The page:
Fang Mask

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NAK 1011-3

Fang Mask, Gabon

H: 52 cm (29,5″), W: 18 cm (7,1″)

A vast majority of the Fang tribe, inhabit the equatorial rain forest in Gabon. A Fang mask is worn by spiritual leaders during rituals, to drive away evil spirits, or as symbols depicting wealth and prosperity.
The Fang people used masks in their secret societies. Members of this male society wore the Ngil masks during the initiation of new members and the persecution of wrongdoers Masqueraders, clad in raffia costumes along with helpers, would materialize in the village after dark each of the maskers would bear a torchlight. Ngil mask are normally elongated with the carved lines running from the forehead down to the tip of the nose.
This mask with high forehead and the long-shaped face are admirably harmonious, on the cheeks the scarifications are perfectly apposed as well as the line on the forehead and the arch of its eye-brows. The layers of kaolin indicate repeated use of the mask over a long period of time: an item of this quality has been kept and preserved carefully. The extreme porosity of the light wood and its oxydation confirm the fact that the object can be very old, it dates most certainly from the middle of the 20th century.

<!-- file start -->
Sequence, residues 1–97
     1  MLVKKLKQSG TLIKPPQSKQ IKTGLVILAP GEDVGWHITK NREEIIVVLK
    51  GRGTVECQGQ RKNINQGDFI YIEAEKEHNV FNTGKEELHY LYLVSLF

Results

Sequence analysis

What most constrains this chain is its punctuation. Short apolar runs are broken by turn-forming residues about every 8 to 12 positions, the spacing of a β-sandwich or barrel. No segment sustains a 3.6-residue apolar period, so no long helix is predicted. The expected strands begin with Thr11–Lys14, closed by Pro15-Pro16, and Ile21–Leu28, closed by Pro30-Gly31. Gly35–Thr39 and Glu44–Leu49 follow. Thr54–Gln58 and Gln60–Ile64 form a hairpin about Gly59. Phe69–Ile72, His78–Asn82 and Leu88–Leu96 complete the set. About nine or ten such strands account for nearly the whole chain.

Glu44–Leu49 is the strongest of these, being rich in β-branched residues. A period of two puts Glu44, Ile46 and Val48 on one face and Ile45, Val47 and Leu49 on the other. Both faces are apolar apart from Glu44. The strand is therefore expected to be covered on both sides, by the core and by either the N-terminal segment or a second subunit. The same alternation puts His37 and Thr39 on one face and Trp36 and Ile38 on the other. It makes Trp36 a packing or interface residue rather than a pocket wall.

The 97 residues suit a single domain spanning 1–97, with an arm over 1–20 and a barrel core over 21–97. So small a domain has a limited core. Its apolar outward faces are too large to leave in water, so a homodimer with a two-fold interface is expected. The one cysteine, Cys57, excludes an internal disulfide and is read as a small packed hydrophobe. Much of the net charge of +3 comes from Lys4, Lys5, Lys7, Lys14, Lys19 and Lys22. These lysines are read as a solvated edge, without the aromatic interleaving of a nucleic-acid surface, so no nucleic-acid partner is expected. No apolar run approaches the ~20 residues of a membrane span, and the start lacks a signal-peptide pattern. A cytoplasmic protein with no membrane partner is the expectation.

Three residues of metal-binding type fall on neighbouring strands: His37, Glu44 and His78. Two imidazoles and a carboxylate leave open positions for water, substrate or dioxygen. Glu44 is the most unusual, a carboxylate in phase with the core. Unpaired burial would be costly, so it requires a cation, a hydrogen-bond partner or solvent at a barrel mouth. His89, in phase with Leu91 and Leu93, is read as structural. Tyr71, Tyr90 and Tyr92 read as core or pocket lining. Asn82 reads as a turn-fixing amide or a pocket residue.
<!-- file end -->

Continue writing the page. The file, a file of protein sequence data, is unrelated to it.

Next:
More subjectively speaking, this mask expresses like no other mask of its kind the spirit of Fang art implying the religious spirit and brutal and obscurepower, the very soul of the equatorial forest. Taking into account all Fang art, even considering primitive art as a whole, the ngil masks are, without any doubt among the rarest and the most coveted. Their rareness is to be seen in direct relation to the myth itself and their forms bordering universal concerns. Have they not been credited with every possible influence, whether officially established or occulted, in the arts of the 19th century. Picasso himself is said to have been under their spell, when he undertook the work for one of his major works, “Les Demoiselles d’Avignon“. Thus, on the occasion of the 1984 exhibition at the Museum of Modern Art of New York, William Rubin confronted the ngil mask of the Vérité Collection with the famous painting“Tête de Femme“ (1908) by Pablo Picasso. Today it is agreed that the Masters of Negro-African art simply catapulted themselves to the summits ofart before those of the Western world.

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